Although I'm very happy to see all of this interest, I'm greatly concerned that many people are duplicating work...for example SchellingCoin, which won't work, contains many ideas I had over two years ago. I'm sad to see other people spending their time when I did all of this work and released it to the internet for free. Another cause for sadness is the attitude of many developers, who say "econ people shouldnt mess around with crypto they dont understand", and yet when the tables are turned these devs feel comfortable messing with econ that they dont understand.

I am also uncomfortable with the Silicon Valley style of "just publish whatever you're thinking, even if it sucks". I have basically the opposite style and feel a lot of pressure to rush things out.

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Catastrough
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May 10, 2014, 11:51:29 AM
 #63

I'm no developer but I'm certainly interested in prediction markets - I presume the major difference between what you're suggesting and what already exists (www.predictious.com etc etc) is the decentralised nature of the market. This is an excellent idea and I can see it providing many benefits in terms of futures markets and derivatives. However, could you explain why prediction markets would end contentious debates?
AsymmetricInformation
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May 12, 2014, 12:49:08 PM
 #64

I'm no developer but I'm certainly interested in prediction markets - I presume the major difference between what you're suggesting and what already exists (www.predictious.com etc etc) is the decentralised nature of the market. This is an excellent idea and I can see it providing many benefits in terms of futures markets and derivatives. However, could you explain why prediction markets would end contentious debates?

Plagiarism! Prove to us you aren't a bot.

http://www.reddit.com/r/Bitcoin/comments/1ycjdi/whitepaper_decentralized_bitcoin_prediction/cfjbh4e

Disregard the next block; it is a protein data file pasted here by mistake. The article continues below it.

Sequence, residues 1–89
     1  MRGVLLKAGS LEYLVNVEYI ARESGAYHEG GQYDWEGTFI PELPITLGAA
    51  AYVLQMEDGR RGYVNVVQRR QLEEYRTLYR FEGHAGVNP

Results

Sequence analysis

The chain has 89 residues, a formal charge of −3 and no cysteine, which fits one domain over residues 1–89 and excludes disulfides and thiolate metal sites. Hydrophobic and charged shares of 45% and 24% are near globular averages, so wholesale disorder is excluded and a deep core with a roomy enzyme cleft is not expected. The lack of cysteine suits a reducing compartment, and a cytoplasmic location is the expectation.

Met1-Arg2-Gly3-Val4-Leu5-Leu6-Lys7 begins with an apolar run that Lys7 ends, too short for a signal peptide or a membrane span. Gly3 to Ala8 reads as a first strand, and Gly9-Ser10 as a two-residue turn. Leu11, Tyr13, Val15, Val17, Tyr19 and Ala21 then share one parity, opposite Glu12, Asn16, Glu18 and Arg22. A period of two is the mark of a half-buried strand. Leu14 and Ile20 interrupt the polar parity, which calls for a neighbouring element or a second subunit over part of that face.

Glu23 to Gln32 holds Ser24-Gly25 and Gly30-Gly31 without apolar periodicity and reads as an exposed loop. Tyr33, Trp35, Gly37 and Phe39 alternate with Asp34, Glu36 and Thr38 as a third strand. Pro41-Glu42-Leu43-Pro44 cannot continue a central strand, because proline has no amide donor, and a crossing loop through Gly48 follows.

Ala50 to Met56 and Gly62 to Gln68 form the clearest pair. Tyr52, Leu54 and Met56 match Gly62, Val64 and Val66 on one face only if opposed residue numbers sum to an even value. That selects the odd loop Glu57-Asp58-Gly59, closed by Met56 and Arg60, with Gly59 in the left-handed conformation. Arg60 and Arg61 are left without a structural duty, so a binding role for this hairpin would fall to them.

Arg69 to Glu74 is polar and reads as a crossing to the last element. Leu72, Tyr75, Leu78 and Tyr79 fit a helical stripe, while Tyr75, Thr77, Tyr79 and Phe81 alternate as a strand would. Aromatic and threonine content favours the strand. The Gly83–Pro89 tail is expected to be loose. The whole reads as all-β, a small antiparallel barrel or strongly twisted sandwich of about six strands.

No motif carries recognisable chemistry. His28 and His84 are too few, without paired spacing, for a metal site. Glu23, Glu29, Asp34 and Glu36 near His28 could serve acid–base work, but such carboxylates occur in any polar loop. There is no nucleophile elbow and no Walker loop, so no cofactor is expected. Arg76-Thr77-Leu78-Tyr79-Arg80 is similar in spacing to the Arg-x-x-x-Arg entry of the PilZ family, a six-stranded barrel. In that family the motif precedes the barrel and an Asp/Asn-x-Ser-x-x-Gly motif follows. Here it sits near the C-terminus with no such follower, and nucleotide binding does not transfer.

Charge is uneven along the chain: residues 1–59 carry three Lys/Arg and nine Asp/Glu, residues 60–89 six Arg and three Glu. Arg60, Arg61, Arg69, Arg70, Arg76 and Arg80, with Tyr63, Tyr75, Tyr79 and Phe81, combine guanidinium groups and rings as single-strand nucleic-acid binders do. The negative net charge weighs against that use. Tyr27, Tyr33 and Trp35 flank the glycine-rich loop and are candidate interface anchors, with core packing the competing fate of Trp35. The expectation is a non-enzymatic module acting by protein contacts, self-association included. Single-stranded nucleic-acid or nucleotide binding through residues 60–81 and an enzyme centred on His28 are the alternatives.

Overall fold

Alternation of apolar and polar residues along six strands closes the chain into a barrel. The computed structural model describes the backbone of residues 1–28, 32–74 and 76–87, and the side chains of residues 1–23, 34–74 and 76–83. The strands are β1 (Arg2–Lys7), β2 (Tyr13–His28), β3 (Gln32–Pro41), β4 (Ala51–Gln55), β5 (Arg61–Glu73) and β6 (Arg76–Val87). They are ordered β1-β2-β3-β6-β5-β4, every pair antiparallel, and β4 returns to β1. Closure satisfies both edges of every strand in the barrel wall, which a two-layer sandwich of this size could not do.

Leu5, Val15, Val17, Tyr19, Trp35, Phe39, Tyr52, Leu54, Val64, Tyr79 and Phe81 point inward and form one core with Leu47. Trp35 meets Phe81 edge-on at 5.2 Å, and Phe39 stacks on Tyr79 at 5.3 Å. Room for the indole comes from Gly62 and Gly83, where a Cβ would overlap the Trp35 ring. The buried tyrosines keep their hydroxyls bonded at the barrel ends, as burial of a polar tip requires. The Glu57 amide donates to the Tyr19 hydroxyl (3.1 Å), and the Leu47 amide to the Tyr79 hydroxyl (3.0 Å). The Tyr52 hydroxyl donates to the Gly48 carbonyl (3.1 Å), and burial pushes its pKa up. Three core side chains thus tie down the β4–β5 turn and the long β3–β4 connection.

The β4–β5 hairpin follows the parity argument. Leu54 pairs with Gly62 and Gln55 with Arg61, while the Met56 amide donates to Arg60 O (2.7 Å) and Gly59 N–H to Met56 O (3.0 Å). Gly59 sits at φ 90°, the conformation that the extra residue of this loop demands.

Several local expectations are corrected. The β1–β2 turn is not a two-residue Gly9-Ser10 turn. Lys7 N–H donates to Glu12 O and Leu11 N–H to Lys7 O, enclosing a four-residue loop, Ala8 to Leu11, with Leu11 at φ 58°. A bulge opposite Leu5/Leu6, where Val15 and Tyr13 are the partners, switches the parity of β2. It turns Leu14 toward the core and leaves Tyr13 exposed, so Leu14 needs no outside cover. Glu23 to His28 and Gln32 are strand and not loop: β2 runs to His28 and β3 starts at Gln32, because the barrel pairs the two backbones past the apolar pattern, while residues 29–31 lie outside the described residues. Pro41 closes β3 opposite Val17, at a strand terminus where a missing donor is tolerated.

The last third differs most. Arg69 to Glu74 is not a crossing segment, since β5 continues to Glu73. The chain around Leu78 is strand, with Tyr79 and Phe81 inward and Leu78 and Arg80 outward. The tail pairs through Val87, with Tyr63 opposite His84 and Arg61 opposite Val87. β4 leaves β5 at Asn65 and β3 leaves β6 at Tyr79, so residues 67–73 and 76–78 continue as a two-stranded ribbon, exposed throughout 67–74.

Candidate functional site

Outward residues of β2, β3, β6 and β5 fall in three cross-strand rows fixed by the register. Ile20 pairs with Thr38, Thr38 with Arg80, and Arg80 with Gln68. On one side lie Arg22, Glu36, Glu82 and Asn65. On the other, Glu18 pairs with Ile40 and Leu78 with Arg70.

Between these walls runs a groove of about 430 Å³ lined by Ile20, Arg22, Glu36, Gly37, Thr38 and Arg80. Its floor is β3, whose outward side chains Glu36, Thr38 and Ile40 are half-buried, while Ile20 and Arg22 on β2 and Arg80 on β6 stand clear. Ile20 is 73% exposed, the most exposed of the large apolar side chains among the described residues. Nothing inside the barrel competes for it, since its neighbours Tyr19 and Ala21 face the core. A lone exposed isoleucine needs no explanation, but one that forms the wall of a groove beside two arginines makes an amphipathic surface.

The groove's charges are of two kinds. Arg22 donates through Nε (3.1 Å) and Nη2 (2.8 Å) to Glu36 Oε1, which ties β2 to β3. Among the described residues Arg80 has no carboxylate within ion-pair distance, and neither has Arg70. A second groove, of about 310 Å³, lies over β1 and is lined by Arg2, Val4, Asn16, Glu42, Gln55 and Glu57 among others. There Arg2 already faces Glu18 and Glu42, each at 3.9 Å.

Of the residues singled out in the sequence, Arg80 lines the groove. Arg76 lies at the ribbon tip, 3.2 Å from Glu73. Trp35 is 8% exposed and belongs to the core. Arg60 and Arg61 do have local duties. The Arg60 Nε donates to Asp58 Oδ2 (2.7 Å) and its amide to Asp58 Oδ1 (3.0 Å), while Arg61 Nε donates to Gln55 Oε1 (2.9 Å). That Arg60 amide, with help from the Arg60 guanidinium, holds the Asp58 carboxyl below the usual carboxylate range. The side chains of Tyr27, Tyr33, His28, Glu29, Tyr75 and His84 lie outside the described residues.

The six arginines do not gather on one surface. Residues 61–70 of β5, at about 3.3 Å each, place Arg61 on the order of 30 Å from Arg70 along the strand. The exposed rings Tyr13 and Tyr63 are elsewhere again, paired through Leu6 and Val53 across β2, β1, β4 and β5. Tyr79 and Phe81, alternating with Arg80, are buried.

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asherp
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May 22, 2014, 04:40:30 AM
 #65

I've really enjoyed reading your work. I'm a physicist, so the very idea that we can generate probability distribution functions for human actions is just mind blowing. I'm actually starting to learn some game theory because of it. Anyway, I have one question - do you think meta-predictions could counter attempts to game your system? For example, we could start a prediction market that predicts a consensus of voters will vote against the truth in one or more markets. The reason I ask is that Nash equilibria are supposed to make law enforcement unnecessary (For example, in the stop light game it's unnecessary to have a law against running the stop light because players have enough incentive not to). In the same way, doesn't the protocol act like law enforcement, and if so could such "second-order" predictions offload some of the work of ensuring players remain honest?
queptiv
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May 22, 2014, 12:41:32 PM
 #66

I am a fan of prediction markets too, after the OP is there more developments on this issue
asherp
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May 22, 2014, 02:48:27 PM
 #67

I am a fan of prediction markets too, after the OP is there more developments on this issue

Narayanan's group at Princeton developed independently a similar concept using with competing arbiters: http://users.encs.concordia.ca/~clark/papers/2014_weis.pdf In their paper they compare their model with Truthcoin:

Quote

Voting as a Keynesian beauty contest. In this approach, each of N shares in a prediction market
confers one vote for market arbitration [7]. In the common case, a supermajority of voters ( k > 2N/3) vote
the same way, this is considered a consensus and the winning shares will be paid out.
Of course, voters holding losing shares have a nancial incentive to vote contrary to reality. To address
this dilemma, all market participants are required to post a bond in addition to the price of the shares
they purchase. Any voters who vote contrary to an outcome with reaches a 2N/3 consensus forfeit their
bond, disincentivizing voters to vote against the likely nal outcome. The market might still fail to reach
consensus if, for example, there are two possible outcomes and all participants holding shares in the losing
outcome form a coalition and refuse to provide any votes necessary for the market to reach consensus. To
disincentivize this, if the market fails to reach consensus after a certain time period then all participants
forfeit their bonds.

The functioning of such a system in practice is unknown. In the case of markets with a genuinely unclear
outcome, the system creates a \Keynesian beauty contest," with all participants incentivized to vote for the
outcome they believe others will consider correct, rather than their own fundamental beliefs.